As the Victorian government announces a payroll tax rate cut, the financial advice associations are united in calling for policy changes to exempt authorised representatives.
In handing down the state Budget on Monday, Victorian premier Dennis Napthine and Treasurer Michael O’Brien announced measures to cut the rate of payroll tax for businesses with an annual payroll between $4.7 million and $26.7 million.
The Victorian government’s decision has reinvigorated the issue of payroll tax reform for financial planning firms, which has been a longstanding sore point among the industry associations and dealer group executives for decades.
FPA chief executive Mark Rantall told ifa yesterday that payroll tax may well become a “major issue for franchised organisations operating under a licensee arrangement” and pledged that the FPA will be fighting “vigorously” for reform.
“We realise that state governments are seeking to raise as much revenue as they can… but we don’t believe there is a justification in charging payroll tax to those people running a legitimate business,” Mr Rantall said.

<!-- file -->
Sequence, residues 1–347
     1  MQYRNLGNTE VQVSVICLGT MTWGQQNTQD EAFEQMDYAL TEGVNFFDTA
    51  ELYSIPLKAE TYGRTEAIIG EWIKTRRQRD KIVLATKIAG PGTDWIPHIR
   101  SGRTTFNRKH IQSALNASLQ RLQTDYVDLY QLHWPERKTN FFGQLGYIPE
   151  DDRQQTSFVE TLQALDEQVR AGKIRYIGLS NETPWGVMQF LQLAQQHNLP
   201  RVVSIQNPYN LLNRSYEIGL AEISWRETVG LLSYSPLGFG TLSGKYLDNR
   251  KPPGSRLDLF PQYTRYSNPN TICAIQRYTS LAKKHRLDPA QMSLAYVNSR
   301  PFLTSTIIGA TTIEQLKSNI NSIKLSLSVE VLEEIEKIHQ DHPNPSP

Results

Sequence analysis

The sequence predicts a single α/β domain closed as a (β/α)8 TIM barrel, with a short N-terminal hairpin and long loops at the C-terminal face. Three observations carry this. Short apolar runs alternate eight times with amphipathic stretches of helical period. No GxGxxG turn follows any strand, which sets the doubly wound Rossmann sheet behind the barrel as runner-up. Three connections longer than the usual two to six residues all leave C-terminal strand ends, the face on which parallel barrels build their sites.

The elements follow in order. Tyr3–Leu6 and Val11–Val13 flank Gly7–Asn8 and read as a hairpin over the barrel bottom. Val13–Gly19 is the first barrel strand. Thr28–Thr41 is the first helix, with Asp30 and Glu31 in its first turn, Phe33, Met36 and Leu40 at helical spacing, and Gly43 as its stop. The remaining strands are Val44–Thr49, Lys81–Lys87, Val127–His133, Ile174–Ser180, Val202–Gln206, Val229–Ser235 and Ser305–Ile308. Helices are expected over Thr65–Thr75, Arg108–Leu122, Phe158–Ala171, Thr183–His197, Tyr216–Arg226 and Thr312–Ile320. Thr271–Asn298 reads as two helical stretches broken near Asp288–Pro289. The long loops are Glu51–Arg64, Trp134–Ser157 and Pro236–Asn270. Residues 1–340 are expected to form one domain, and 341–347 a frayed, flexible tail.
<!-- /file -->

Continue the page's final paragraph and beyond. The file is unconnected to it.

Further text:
The AIOFP has also been vocal on the issue, forwarding a submission – seen by ifa – to the parliamentary committee now overseeing FOFA which calls for the reinstatement of a previous carve-out for financial planning licensee businesses enacted in New South Wales.
“Whilst we applaud the Napthine government for promising to reduce payroll tax for business, we urge them to go one step further,” the AIOFP’s Peter Johnston told ifa.
“Over the past five years the Victorian State Revenue Office has been trying to classify independent contractors of financial advice businesses as employees and retrospectively impose payroll tax,” he added.
“This has enormous implications for every business that contracts independent small businesses to distribute product, not just the financial services industry.”
In its submission to the Financial System Inquiry, the AFA also took up the mantle of payroll tax reform, calling for “national action to ensure that self-employed financial advisers are exempt from the state-based payroll tax regimes”.
“In recent years there have been a number of cases where state revenue offices have looked at financial advice licensees with a view to identifying payroll tax liabilities,” states AFA chief executive Brad Fox in the submission.
“The current situation has the potential to financially destroy some licensees, particularly those that are independent of institutional ownership.”
ifa understands there are a number of dealer groups currently locked in dispute and/or negotiation with the Victorian State Revenue Office over payroll tax issues.
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